In any event, since the prosecutor sent in his motion at 9:35 a.m., shortly after she had terminated the hearing at 9:15 a.m., respondent judge should have granted the motion and in the meantime withheld action on the bail petition. This was the prudent thing for respondent to do, considering that the charge in the case before her was for murder and, therefore, whether the accused should be granted bail depended on the relative strength of the prosecution's evidence against him.2 But what evidence could respondent judge consider if she did not give the prosecution a reasonable opportunity to present its evidence? Indeed, the State is entitled to due process as much as the accused. The claim that dispatch in the grant of bail to the accused was justified because he was ill and his life was endangered by confinement was never seriously looked into. Respondent simply relied on the affidavit of the Chief of Police for her finding that the accused was seriously ill without even trying to ascertain from what illness he was suffering. There was, therefore, simply no justification for respondent's hasty and arbitrary denial of reasonable opportunity to the prosecution to study the evidence in the case.
Second. The undue haste with which respondent judge granted bail also accounts for her disregard of the mandatory requirement in Rule 15, §4 that notice of a motion must be served on all parties at least three days in advance of the hearing. Respondent contends that the same Rule allows a hearing on shorter notice for "good cause," but, as already stated, beyond the mere allegation that the accused was suffering from some ailment allegedly endangering his life, there was nothing to justify the respondent's shortcut. There was no medical testimony or certificate shown, but only the affidavit of the Chief of Police who released the accused to the custody of the latter's physician because of serious illness.
Third. Respondent judge justifies the grant of bail to the accused on the ground that the crime was not murder but only homicide. The case was before her, however, for preliminary investigation and for admission of the accused to bail. Her only authority was to determine whether there was probable cause against the accused and, if so, whether the evidence of guilt was strong, considering that the charge was for murder. But she had no power to reduce or change the crime charged in order to justify the grant of bail to the accused. As the Deputy Court Administrator states in his report:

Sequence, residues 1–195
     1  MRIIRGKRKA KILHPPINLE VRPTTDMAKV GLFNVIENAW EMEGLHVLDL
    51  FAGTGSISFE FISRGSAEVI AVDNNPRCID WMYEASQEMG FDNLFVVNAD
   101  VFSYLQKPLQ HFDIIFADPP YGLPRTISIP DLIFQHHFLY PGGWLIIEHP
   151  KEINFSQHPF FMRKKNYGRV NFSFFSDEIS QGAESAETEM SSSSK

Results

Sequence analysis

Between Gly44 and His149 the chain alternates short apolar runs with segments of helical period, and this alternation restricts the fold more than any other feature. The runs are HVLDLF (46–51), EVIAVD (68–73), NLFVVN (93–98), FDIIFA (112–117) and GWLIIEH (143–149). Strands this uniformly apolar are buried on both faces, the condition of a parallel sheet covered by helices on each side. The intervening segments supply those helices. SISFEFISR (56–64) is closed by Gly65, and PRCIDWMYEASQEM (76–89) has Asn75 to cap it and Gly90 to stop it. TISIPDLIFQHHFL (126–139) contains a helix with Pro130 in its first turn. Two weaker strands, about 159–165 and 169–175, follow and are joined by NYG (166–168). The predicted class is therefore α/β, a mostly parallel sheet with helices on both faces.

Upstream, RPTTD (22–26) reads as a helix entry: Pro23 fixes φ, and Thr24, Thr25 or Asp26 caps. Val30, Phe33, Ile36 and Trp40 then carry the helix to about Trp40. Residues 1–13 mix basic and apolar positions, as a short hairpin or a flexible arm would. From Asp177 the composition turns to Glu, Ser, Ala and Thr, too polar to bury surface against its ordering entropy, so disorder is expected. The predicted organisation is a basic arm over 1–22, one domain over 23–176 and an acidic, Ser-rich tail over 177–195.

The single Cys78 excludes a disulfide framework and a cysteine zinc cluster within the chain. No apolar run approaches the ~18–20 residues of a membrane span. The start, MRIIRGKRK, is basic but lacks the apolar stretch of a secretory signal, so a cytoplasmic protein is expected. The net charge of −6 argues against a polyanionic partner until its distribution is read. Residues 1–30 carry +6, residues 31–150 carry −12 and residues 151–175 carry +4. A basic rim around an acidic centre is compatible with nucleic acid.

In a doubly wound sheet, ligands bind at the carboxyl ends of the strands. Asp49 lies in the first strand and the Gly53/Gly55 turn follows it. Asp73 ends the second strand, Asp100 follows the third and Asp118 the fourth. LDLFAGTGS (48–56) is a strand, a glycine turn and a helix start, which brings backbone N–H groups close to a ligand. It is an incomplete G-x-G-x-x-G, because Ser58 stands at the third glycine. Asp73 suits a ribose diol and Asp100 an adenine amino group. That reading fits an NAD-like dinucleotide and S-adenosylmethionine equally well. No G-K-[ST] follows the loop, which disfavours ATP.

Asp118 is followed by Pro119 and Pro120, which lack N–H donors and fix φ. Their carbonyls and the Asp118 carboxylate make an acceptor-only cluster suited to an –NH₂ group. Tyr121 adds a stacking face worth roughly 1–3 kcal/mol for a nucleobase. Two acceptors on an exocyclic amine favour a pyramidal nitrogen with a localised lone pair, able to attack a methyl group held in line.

Moreover, we find that respondent judge committed likewise an irregularity when she reduced the charge of Murder to Homicide. The Court in a number of cases has declared that a municipal judge has no legal authority to determine the character of the crime but only to determine whether or not the evidence presented supported prima facie the allegation of facts contained in the complaint. He had no legal authority to determine the character of the crime and his declaration upon that point can only be regarded as an expression of opinion in no wise binding on the court (People vs. Gorospe, 53 Phil. 960; de Guzman vs. Escalona, 97 SCRA 619). This power belongs to the fiscal (Bais vs. Tugaoen, 89 SCRA 101).
Respondent judge is not only guilty of procedural lapses or ignorance of law. The principles of law involved in this case are basic and clear. Her adamant refusal to grant the prosecution time to study its case, her haste. in holding the hearing without observing the proper rule, and her attempt to downgrade the charge against the accused to justify the grant of bail bespeak of more serious lapses. Considered in its totality, her actuations manifest partiality in favor of the accused in the criminal case.
In line with the rulings of this Court in similar cases,3
the penalty on respondent judge should be P20,000.00 with warning.
WHEREFORE, the Court finds respondent guilty of misconduct and orders her to pay a fine of P20,000.00 with a warning that a repetition of the same or similar acts will be dealt with more severely.
Narvasa, C.J., Padilla, Regalado, Davide, Jr. and Romero, JJ., concur.
1 Affidavit of Inspector Simon, Chief of Police of Balasan. Comment, p. 3. Rollo, p. 29.
2 Gimeno v. Arcueno, 250 SCRA 376 (1995).
3 Mamolo v. Narisma, Adm. Matter No. MTJ-96-1072, January 31, 1996; Buzon v. Velasco, Adm. Matter No. RTJ-94-1209, February 13, 1996.